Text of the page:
February 28, 2023

"The Movement and the 'Madman'"
Premiers on PBS March 28

Unique Opportunity for Local Engagement

At least one million viewers nationwide will learn about the power of protest at 9 p.m. Tuesday March 28 when American Experiences airs on PBS a new 90-minute documentary directed by Stephen Talbot and produced by VPCC board members Robert Levering and Steve Ladd.

From the American Experiences press release (full text here)

"The Movement and the “Madman” shows how two antiwar protests in the fall of 1969 — the largest the country had ever seen — pressured President Nixon to cancel what he called his “madman” plans for a massive escalation of the U.S. war in Vietnam, including a threat to use nuclear weapons. At the time, protestors had no idea how influential they could be and how many lives they may have saved. Told through remarkable archival footage and firsthand accounts from movement leaders, Nixon administration officials, historians, and others, the film explores how the leaders of the antiwar movement mobilized disparate groups from coast to coast to create two massive protests that changed history."

Building and localizing the PBS broadcast is our first opportunity to carry the message of VPCC to a broad national audience. It is the missing chapter of the Burns Novick mega series about the war. VPCC is calling on its network of more than 5,000 antiwar activists and supporters to maximize the impact of the documentary by doing or adapting whatever is personally appropriate from this list:

  • Reaching out quickly to public relations and program staff of your PBS station to find ways to collaborate for the premier including involvement of former peace movement activists living in your area.

  • Planning to watch it yourself and alerting friends, family, coworkers and long lost contacts from the antiwar movement.

  • Organizing in-person or virtual viewing parties and conversations for the night of the premier or at a more convenient hour during the week or on the weekend by recording it or with streaming on PBS.org .

  • Showing the film with a moderated discussion to classrooms, peace and religious groups, community organizations, social justice campaigns, etc.

  • Assigning the broadcast for student viewing and leading a discussion the next day.  (Flyer with suggested questions will be here)

  • Meeting local historians, archivists and universities to ask if chronicles or collections about the peace movement in your area already exist that can be publicized in connection with the broadcast (or could be quickly assembled).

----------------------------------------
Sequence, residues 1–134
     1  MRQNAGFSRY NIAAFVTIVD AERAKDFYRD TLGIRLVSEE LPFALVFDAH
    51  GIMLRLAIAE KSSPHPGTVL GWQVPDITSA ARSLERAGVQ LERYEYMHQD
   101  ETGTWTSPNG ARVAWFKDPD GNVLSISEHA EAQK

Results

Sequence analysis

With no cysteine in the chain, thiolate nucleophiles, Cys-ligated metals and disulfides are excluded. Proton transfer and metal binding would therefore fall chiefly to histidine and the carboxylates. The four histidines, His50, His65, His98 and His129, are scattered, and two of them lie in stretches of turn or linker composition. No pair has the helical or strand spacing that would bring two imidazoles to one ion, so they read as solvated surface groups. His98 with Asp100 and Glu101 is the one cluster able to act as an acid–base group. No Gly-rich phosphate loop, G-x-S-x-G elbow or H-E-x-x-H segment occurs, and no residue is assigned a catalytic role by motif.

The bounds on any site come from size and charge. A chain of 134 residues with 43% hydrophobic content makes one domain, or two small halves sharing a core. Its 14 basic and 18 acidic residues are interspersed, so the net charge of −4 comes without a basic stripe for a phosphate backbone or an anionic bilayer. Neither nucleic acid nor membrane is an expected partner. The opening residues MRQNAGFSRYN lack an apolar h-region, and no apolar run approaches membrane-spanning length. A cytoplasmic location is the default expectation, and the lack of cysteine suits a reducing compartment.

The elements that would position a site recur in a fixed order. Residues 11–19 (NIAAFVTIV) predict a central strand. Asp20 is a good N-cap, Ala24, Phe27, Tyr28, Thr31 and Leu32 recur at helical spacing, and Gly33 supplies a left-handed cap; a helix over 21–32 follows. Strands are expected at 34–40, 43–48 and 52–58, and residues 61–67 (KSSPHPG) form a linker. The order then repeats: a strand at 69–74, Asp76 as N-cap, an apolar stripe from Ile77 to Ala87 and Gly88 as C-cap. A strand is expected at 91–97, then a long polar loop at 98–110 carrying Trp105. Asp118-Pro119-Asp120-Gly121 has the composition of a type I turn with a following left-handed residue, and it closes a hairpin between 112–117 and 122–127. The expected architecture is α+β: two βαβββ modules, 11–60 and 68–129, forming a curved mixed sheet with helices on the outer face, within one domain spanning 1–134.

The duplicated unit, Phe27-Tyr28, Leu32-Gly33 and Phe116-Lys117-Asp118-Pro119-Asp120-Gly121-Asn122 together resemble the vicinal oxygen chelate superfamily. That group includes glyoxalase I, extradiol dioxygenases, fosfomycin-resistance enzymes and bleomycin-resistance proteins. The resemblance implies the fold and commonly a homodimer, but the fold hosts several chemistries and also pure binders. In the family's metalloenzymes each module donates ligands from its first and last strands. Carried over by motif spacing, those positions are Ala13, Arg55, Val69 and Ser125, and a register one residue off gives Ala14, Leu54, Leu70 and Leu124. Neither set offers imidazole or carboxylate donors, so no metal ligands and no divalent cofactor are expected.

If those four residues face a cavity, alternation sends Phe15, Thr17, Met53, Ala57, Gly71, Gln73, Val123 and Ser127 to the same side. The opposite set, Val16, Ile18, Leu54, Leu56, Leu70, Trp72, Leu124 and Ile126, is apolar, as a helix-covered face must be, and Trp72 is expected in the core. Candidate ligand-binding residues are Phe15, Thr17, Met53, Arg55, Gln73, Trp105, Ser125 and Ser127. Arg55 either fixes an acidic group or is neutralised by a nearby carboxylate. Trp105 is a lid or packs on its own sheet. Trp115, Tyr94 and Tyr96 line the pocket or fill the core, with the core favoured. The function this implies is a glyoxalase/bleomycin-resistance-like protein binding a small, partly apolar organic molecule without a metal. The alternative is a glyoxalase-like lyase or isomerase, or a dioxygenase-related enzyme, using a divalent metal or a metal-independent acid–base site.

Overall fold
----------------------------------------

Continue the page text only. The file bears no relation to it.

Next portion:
• Using the premier to open discussion of longer term projects, including creation of local histories, collections of memorabilia and documents as well as collaboration with station rebroadcasts of the film during a summer fundraiser.

  • Writing an op ed or letter to the editor for pre-broadcast publication by local newspapers, online blogs and progressive newsletters that links your personal experience during the war with the showing of the film

  • Making the film relevant to current policy debates by asking how Russian military intervention in Ukraine is similar to or different from US military Intervention in Vietnam, Laos and Cambodia (and Iraq). Asking if a Russian antiwar movement, mass draft resistance through self-exile and dissatisfaction among soldiers can help bring peace the way they did in the US.

The film website here offers background on the film and resource links for classroom, organization and personal use. https://www.movementandthemadman.com/

VPCC is hosting a blog page for educators and organizers that welcomes your suggestions and is in development here.

Join our zoom discussion for educators and organizers on how to collaborate with local PBS stations and other film related projects

Sunday, March 5, 9 p.m. ET , 6 p.m. PT

·      Stephen Talbot, director of the film
·      Dr. Michael Doyle, Specialist in local historiography, Ball State University Moratorium commemoration
·      Dr. Carolyn (Rusti) Eisenberg, Professor Hofstra University, author "Fire and Rain"
·      Robert Levering producer (also of “The Boys Who Said No”)
John McAuliff, Fund for Reconciliation and Development (moderator)

Speaker bios and registration here

[If you are a teacher or activist with lots of experience using films and TV broadcasts and would like to speak during the zoom, please contact director@ffrd.org.]
At the Diplomatic Academy in Hanoi: Larry Levin, John Terzano, John McAuliff, Ambassador Dang Dinh Quy

Viet Nam Celebrates the 50th Anniversary
of the Paris Peace Agreement

Three Americans were invited to participate in Vietnam's 50th anniversary program. They spoke at a program organized by the Viet Nam Union of Friendship Organizations; met with other international delegates President Nguyễn Xuân Phúc on the eve of his controversial resignation; and attended a formal ceremony organized by the Ministry of Foreign Affairs headlined by Madame Nguyen Thi Binh who represented the Provisional Revolutionary Government in Paris (photo below).

The three were Larry Levin, active with the Indochina Peace Campaign before becoming director of the Coalition to Stop Funding the War; John Terzano. a member of Vietnam Veterans Against the War before founding Vietnam Veterans of America with Bobby Muller; and John McAuliff, in the Peace Education Division of the American Friends Service Committee prior to founding the Fund for Reconciliation and Development.

In addition to the VUFO program, the three spoke to students at the Diplomatic Academy and met the director of Bach Mail Hospital with representatives of the US Agency for International Development (USAID). A trip report is in preparation and will be available within a week here.

Recent Webinars Available on youtube

"Ending the 'American War': Promises, Realities and Impact of the U.S. Peace Movement"; Carolyn (Rusti) Eissenberg, Arnold (Skip) Isaacs, moderated by Paul Lauter, author of "Our Sixties" Presented on December 11, 2022. See speaker bios and youtube link by clicking here .

They Who Sang to End the War 1: Peter Yarrow, Reggie Harris and Sonny Ochs moderated by Heather Booth Recorded on November 7. 2022 A moving recollection of how activists and singers strengthened each other to bring peace, with special attention to Phil Ochs and Peter, Paul & Mary. Click here for bios and here for new final youtube video edited by Peter Yarrow.